Spotted turtles feed on a variety of foods, including commercial turtle foods, trout chow, pink mice, prekilled adult mice, live or frozen fish, earthworms and crickets. Neonates frequently will not take commercial foods and initially may only eat small crickets, red worms or chopped earthworms. Sometimes neonates can be encouraged to feed on commercial foods by keeping another similarly sized, less-finicky turtle in their enclosure with them; they may eat after watching the other turtle eat.
Offer spotteds as much food as they can consume in 15 to 20 minutes. Feed adults every other day or every third day. Neonates should be fed several small meals a day. Female spotted turtles seem to breed better and produce more eggs if they have more animal protein in their diets. I’ve had excellent success when pink mice, adult mice and trout chow were added to my females’ diets.
Spotted turtles are relatively easy to breed in captivity. Males possess a concave plastron; a larger, longer tail with the cloaca closer to the tip of the tail; and the chin region is black with little or no orange, yellow, white or red coloration. Female spotted turtles have a smaller tail, a flat or slightly convex plastron and a brightly colored chin. In captivity spotted turtles may reach sexual maturity in as little as 47 months, while wild spotted turtles may require as much as eight to nine years for females to become sexually active.
Spotted turtles can be kept in pairs or in a group of one male and several females. However, due to the male’s persistent mating attempts, you should provide several hiding spots to which females can escape. Breeding occurs from March through the early weeks of May in the wild and in specimens housed outside year-round. Specimens kept indoors attempt to breed year-round, but successful copulations generally occur between March and July.
Males kept with females should be closely observed as some males will pursue females to the point where females refuse to eat or even accidentally end up drowning. Separating the sexes when feeding may alleviate this problem, or keeping the male separate and only introducing him for breeding is another solution.
Breeding females should always have access to a nesting site. A nesting site is necessary to prevent egg deposition in the water, or egg retention in females due to a lack of suitable laying sites. Females lay three to five eggs and occasionally up to eight. Provide a plastic shoebox filled with several centimeters of moist sand or fine cypress mulch for a nesting site. Check the shoebox every several days for eggs.
Eggs can be incubated in a commercial incubator or in a plastic shoebox. If using a commercial incubator, follow the manufacturer’s directions. With a plastic shoebox fill the container about halfway with vermiculite that has been moistened with water. Use a 1-1 ratio by weight (e.g., 100 grams of vermiculite to 100 grams of water). Punch several small holes in the lid of the shoebox to allow for air exchange.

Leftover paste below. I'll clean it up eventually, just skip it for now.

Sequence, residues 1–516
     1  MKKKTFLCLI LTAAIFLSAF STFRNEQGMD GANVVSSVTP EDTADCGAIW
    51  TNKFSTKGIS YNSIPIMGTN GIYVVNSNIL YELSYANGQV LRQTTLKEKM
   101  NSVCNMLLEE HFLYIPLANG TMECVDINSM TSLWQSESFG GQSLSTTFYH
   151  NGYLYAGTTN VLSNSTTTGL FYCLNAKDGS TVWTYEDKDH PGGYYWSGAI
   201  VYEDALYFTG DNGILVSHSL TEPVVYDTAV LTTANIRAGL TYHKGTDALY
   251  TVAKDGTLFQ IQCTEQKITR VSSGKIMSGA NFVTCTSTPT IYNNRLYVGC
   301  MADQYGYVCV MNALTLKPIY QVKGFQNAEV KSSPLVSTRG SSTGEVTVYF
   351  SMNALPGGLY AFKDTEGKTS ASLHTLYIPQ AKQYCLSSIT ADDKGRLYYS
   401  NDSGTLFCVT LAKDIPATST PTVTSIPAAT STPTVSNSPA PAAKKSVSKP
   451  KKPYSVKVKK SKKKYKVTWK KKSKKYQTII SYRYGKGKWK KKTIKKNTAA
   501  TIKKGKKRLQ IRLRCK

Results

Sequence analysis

Spotted turtles require a haul-out spot with a basking light. Breeding females need a nesting area as well.
Carefully excavate eggs from the nest area and transfer them to the incubation chamber, taking care to keep eggs in the same orientation as they were laid. Gently drawing an X on the top of the egg with a soft lead pencil can aid in keeping eggs oriented correctly. Bury them about halfway into the vermiculite to allow for occasional observation. Incubate at 75 to 85 degrees. Hatching normally occurs between 55 and 90 days. Monitor humidity levels; you don’t want the eggs or the container to dry out. If humidity levels drop, gently mist the interior of the incubation chamber.
Is Hibernation Necessary?
In my experience, captive spotted turtles do not need to hibernate for health reasons or to induce breeding. If you decide to hibernate your turtles, stop feeding them two to three weeks prior to hibernation. Then place them in a container filled to within several centimeters of the top with moistened sphagnum moss and peat moss. Add water so that it barely covers the surface of the substrate. Some of the substrate should be mounded slightly to allow the turtles to climb out of the water if desired.
After turtles are placed in this hibernaculum, cover the container loosely to prevent them from escaping and to keep light from entering. Then, to acclimate the turtles to hibernation, place the hibernaculum where temperatures will slowly decrease over about two weeks. During the eight- to 12-week hibernation period, the temperature should remain at 45 to 55 degrees. Check the turtles’ weight and condition on a weekly basis. If there is significant weight loss (as compared to the animal’s prehibernation weight) or any sign of a bacterial or fungal infection, remove the turtles from hibernation and seek veterinary aid. If the hibernaculum’s temperature rises above 55 degrees for more than two or three days, you’ll need to end hibernation.
Wild animals often die during hibernation. If you have any doubt as to the suitability of a spotted turtle for hibernation, do not hibernate it.
Once you remove the turtles from hibernation, provide a gradual warming period of several days to a week before feeding them. After the warming period, offer small meals daily for several days. Then you can resume the original feeding schedule.
Spotted turtles have increased in popularity over the last few years, as they are small, easily kept and attractive turtles. These positive attributes have created a larger demand for this species, putting them at risk of overcollection while habitat destruction reduces the number of areas where spotteds can still be found. These traits that make spotted turtles desirable as pets also make them excellent candidates for captive-breeding programs, which over time will reduce the demand for wild-caught turtles.
Ed Kowalski has been studying and keeping reptiles and amphibians for more than 30 years. He is the lead keeper at the Philadelphia Zoo’s Department of Herpetology, where he has worked for more than 12 years.